Kardinalen W. Brandmüller, R. L. Burke, C. Caffarra, J. Meisner - 12 september 2016
Moet men, na Paus Franciscus - Postsynodale Apostolische Exhortatie
Over vreugde van de liefde
(19 maart 2016) (Paus Franciscus - Postsynodale Apostolische Exhortatie
Over vreugde van de liefde
(19 maart 2016)) nog steeds de leer geldig achten van de encycliek van de H. Johannes Paulus II, H. Paus Johannes Paulus II - Encycliek
Over kerkelijke moraalleer
(6 augustus 1993), gebaseerd op de H. Schrift en op de Traditie van de Kerk, die een creatieve interpretatie uitsluit van de rol van het geweten, en die benadrukt dat geweten nooit kan aangewend worden om uitzonderingen t.o.v. absolute morele normen te rechtvaardigen, die intrinsieke slechte daden verbieden vanwege hun doel?
After Amoris Laetitia (303) does one still need to regard as valid the teaching of St. John Paul II’s encyclical Veritatis Splendor, 56, based on sacred Scripture and on the Tradition of the Church, that excludes a creative interpretation of the role of conscience and that emphasizes that conscience can never be authorized to legitimate exceptions to absolute moral norms that prohibit intrinsically evil acts by virtue of their object?
Amoris Laetitia, 303, states that “conscience can do more than recognize that a given situation does not correspond objectively to the overall demands of the Gospel. It can also recognize with sincerity and honesty what for now is the most generous response which can be given to God.” The Dubia ask for a clarification of these affirmations, given that they are susceptible to divergent interpretations.
For those proposing the creative idea of conscience, the precepts of God’s law and the norm of the individual conscience can be in tension or even in opposition, while the final word should always go to conscience that ultimately decides about good and evil. According to Veritatis Splendor, 56, “on this basis, an attempt is made to legitimize so-called ‘pastoral’ solutions contrary to the teaching of the magisterium, and to justify a ‘creative’ hermeneutic according to which the moral conscience is in no way obliged, in every case, by a particular negative precept.”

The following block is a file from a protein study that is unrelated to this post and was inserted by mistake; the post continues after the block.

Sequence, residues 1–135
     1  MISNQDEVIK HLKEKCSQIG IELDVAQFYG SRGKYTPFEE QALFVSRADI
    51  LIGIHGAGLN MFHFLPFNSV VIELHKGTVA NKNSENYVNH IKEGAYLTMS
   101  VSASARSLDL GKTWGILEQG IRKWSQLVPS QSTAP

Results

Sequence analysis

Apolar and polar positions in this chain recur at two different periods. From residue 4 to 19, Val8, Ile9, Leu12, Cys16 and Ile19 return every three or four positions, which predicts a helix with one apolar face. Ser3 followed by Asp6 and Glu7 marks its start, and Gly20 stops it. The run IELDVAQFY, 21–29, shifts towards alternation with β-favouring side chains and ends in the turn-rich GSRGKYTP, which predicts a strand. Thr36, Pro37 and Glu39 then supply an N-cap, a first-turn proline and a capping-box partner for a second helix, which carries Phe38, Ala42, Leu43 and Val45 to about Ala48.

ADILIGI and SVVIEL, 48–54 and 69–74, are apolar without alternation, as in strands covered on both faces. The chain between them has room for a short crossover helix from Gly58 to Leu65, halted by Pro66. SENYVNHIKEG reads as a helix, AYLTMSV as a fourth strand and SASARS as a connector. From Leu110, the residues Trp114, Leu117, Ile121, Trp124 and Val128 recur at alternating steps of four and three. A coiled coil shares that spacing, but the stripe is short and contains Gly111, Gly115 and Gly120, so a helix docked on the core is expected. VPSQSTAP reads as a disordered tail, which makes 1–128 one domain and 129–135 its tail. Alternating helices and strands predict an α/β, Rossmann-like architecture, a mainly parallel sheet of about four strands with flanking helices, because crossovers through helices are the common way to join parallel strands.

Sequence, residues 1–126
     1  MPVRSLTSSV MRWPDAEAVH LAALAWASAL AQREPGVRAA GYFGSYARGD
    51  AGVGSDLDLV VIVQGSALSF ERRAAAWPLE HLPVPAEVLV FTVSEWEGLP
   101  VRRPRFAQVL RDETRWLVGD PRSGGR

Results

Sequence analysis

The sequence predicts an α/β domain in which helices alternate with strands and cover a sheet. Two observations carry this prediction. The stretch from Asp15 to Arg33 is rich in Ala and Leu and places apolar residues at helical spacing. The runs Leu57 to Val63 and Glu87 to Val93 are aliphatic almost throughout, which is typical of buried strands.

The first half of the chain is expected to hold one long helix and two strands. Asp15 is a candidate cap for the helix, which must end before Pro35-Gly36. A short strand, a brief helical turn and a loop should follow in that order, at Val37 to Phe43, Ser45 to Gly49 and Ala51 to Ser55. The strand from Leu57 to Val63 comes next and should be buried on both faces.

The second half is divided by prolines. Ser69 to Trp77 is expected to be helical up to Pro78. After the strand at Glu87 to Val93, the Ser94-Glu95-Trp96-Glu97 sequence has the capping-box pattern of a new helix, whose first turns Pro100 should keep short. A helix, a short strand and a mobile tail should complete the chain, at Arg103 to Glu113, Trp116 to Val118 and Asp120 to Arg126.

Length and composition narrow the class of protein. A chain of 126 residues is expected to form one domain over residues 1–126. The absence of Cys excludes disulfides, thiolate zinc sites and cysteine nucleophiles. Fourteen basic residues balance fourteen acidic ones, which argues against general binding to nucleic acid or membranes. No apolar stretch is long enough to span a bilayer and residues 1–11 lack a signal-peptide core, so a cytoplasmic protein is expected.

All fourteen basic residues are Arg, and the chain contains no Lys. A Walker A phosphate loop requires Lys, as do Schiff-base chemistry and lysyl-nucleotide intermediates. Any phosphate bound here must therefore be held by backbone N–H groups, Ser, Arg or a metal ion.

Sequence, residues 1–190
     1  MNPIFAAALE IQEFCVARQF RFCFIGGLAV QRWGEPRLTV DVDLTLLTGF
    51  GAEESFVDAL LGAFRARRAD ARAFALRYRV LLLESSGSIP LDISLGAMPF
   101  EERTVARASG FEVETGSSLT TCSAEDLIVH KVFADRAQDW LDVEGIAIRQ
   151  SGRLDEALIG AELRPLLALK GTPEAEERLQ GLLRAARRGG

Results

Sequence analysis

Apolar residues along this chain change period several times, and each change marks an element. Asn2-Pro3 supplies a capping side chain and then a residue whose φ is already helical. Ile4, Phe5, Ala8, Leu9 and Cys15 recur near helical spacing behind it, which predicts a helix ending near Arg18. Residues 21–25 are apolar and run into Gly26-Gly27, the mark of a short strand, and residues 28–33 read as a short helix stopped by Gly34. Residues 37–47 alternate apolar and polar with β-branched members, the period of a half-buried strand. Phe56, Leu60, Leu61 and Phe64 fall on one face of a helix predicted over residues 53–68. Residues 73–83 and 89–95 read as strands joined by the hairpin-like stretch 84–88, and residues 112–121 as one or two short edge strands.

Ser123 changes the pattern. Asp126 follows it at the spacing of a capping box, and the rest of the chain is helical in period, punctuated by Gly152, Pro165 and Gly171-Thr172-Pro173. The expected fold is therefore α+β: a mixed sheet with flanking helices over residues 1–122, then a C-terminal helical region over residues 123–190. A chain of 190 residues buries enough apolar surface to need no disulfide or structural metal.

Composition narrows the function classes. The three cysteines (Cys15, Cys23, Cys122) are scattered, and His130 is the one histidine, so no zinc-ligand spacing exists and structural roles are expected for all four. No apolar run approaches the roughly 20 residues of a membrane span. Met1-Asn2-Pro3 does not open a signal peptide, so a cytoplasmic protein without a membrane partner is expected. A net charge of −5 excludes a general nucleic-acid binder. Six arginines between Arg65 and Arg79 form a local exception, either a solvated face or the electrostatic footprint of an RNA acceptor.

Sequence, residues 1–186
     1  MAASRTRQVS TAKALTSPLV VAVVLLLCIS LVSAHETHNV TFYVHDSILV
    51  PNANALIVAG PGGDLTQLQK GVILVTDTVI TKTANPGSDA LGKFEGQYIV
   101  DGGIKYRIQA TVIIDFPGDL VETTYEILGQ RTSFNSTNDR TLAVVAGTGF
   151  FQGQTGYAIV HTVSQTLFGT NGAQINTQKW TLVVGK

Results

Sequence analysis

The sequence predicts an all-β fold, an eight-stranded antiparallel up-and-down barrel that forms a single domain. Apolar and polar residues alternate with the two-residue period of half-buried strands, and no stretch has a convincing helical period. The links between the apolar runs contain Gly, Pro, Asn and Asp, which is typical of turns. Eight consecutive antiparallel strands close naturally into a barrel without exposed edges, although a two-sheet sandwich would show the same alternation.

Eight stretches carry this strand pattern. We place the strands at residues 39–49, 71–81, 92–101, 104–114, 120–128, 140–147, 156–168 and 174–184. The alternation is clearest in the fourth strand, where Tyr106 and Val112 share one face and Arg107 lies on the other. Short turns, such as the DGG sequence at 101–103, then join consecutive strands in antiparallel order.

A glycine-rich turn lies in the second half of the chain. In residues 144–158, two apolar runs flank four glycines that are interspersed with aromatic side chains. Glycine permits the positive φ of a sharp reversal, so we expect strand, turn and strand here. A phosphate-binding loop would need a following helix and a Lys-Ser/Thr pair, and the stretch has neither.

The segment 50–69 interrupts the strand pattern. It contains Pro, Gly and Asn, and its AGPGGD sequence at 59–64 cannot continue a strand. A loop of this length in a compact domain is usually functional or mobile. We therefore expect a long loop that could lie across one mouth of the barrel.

In this perspective, it will never be enough for moral conscience to know “this is adultery,” or “this is murder,” in order to know that this is something one cannot and must not do.
Rather, one would also need to look at the circumstances or the intentions to know if this act could not, after all, be excusable or even obligatory (Question 4 of the Dubia). For these theories, conscience could indeed rightfully decide that, in a given case, God’s will for me consists in an act by which I transgress one of his commandments. “Do not commit adultery” is seen as just a general norm. In the here and now, and given my good intentions, committing adultery is what God really requires of me. Under these terms, cases of virtuous adultery, lawful murder and obligatory perjury are at least conceivable.
This would mean to conceive of conscience as a faculty for autonomously deciding about good and evil and of God’s law as a burden that is arbitrarily imposed and that could at times be opposed to our true happiness.
However, conscience does not decide about good and evil. The whole idea of a “decision of conscience” is misleading. The proper act of conscience is to judge and not to decide. It says, “This is good.” “This is bad.” This goodness or badness does not depend on it. It acknowledges and recognizes the goodness or badness of an action, and for doing so, that is, for judging, conscience needs criteria; it is inherently dependent on truth.
God’s commandments are a most welcome help for conscience to get to know the truth and hence to judge verily. God’s commandments are the expression of the truth about our good, about our very being, disclosing something crucial about how to live life well. Pope Francis, too, expresses himself in these terms, when, in Amoris Laetitia, 295: “The law is itself a gift of God which points out the way, a gift for everyone without exception.”
|5 "DUBIA" OVER AMORIS LAETITIA
|Carlo Kardinaal Caffarra
|Kardinalen W. Brandmüller, R. L. Burke, C. Caffarra, J. Meisner
|12 september 2016
|© 2016, Aleteia.org
Voorl. Engelstalige versie
(English) Translation provided by the cardinal signatories
|28 december 2020